GO 14110: Characterizing the atmosphere of the enlarged Neptune-mass planet HAT-P-26b

Artist's impression an exo-Neptune
HAT-P-26b is a Neptune-mass planet orbiting a fairly anonymous 11th magnitude K dwarf, GSC 0320-01027, with a period of 4.23 days. The planet transits the parent star, and those transits were discovered in 2010 by the HATNet (Hungarian Automated Transit Netowrk) project - a network of small telescopes distributed in various sites around the globe, enabling near-continuous observations (weather permitting) of exoplanet transits. The planet has a mass only 6% that of Jupiter, comparable with that of Neptune. HAT-P-26b is almost twice as big as Neptune, however, with 56% the radius of Jupiter. This indicates that the planet has a low mean density, possibly due to the outer atmospheric layers being inflated due to its close proximity to the parent star. The present program aims to use the WFC3 G141 grism to measure the transmission spectrum of the planet during transit, searching for absorption features due to water, methane, sodium and potassium, as well as probing possible contributions from Rayleigh scattering that might illuminate the properties and composition of the outer atmosphere.

GO 14118: The end of the White Dwarf Cooling Sequences of Omega Centauri

ACS imaging of the central regions of Omega Cen
Globular clusters are members of the Galactic halo population, which formed during the first extensive period of star formation in the Milky Way. As such, the properties of the 106 to 107 stellar constituents can provide crucial insight into the earliest stages of galaxy formation. Hubble has conducted a significant number of observing programs targeting these systems, with the majority designed to obtain moderately deep, multicolour imaging data of a range of clusters. Those programs probe evolved stars, on the red giant and horizontal branch, and generally extend only a few magnitudes below the main-sequence turnoff. Noetheless, the exqusite photometric precision offered by HST's camera has revealed that the majority of these systems have multiple stellar populations, rather than conforming to traditional single-burst formation models. A few clusters have been studied in detail - specifically, the two nearest clusters, NGC 6397, an extremely metal-poor cluster, and M4, a moderately metal-rich systems; Omega Centauri, one of the most massive clusters, perhaps even the remnant core of a dwarf galaxy; and 47 Tucanae, one of the higher metallicity systems, lying in the foreground of the Small Magellanic Cloud. Deep imaging of all four clusters has succeeded in clear detecion of the white dwarf cooling sequence in those clusters, and those data have been used to derive age estimates. The present program builds on past observations in aiming to probe the multiple white dwarf cooling sequences in Omega Cen. The WFC3/UVIS and ACS/WFC cameras will be used to obtain multi-colour imaging of the cluster. Those observations should enable measurement over the full extent of the white dwarf cooling sequences, offering the potential of resolving the nature and origin(s) of the distinct stellar populations.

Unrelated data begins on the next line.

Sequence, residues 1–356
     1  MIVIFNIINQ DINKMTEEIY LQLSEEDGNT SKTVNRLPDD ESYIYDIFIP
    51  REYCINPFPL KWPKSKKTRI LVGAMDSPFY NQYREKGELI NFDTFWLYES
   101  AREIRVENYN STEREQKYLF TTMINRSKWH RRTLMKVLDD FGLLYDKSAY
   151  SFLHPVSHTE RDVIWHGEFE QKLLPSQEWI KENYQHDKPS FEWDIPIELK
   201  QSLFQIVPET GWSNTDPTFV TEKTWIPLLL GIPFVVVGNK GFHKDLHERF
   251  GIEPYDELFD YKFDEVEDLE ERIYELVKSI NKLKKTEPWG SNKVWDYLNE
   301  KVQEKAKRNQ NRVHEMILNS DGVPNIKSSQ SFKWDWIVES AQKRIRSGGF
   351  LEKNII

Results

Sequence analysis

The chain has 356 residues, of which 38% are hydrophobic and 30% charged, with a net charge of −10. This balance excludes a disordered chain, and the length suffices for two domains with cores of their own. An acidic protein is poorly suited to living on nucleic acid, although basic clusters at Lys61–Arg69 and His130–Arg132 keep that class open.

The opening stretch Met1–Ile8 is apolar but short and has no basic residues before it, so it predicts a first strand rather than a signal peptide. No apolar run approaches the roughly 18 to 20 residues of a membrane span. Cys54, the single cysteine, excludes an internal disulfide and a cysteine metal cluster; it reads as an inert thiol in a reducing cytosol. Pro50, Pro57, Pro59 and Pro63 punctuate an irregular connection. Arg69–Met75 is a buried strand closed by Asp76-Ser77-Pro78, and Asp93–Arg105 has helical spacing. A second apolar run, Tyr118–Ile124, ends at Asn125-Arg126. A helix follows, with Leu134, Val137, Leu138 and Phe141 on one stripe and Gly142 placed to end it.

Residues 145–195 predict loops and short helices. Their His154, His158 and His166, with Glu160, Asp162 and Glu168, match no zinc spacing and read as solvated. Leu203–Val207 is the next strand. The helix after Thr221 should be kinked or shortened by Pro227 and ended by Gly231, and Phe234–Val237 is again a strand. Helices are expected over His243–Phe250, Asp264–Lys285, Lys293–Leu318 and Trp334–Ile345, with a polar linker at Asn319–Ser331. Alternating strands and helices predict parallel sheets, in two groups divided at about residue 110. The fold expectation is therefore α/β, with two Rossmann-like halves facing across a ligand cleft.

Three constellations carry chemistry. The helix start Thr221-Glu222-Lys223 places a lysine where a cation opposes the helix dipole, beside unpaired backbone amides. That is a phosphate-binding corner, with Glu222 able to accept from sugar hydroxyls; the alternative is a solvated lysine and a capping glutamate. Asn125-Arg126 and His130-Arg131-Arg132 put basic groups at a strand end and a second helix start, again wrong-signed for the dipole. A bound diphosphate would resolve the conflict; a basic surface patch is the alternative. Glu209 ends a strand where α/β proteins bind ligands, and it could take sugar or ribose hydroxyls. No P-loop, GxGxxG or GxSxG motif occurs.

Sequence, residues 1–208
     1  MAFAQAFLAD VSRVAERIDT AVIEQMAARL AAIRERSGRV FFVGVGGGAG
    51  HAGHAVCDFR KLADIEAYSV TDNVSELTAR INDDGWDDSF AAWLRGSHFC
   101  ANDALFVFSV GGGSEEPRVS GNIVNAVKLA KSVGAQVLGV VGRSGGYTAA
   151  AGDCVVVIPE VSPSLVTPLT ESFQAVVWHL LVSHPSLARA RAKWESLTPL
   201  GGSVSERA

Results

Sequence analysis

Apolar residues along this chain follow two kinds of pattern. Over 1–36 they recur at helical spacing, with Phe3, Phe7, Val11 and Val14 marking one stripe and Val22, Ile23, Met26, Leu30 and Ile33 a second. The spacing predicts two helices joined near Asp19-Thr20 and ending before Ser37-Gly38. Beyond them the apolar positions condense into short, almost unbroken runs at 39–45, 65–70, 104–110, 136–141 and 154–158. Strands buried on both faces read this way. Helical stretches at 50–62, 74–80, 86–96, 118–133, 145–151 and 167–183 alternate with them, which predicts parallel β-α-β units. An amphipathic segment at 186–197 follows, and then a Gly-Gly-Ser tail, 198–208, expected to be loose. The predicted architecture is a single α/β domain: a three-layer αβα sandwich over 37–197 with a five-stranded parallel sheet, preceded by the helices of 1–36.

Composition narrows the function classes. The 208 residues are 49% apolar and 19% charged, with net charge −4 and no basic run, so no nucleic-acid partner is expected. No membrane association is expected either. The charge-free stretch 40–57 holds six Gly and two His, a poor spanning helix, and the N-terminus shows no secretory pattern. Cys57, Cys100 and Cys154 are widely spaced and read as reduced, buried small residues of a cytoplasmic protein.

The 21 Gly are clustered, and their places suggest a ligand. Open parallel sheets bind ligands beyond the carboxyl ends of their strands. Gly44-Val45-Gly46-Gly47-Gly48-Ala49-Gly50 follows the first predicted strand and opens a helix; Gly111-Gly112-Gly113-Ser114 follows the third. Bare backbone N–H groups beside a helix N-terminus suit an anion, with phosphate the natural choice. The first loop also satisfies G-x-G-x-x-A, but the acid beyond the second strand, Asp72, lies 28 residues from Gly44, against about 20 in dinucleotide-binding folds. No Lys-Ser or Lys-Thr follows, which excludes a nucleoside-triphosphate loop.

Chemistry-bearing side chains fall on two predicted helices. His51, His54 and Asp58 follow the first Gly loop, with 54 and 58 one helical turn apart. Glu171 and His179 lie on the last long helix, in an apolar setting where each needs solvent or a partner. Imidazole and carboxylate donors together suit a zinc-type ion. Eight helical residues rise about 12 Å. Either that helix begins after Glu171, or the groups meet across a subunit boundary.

Past weeks:
page by Neill Reid, updated 23/12/2014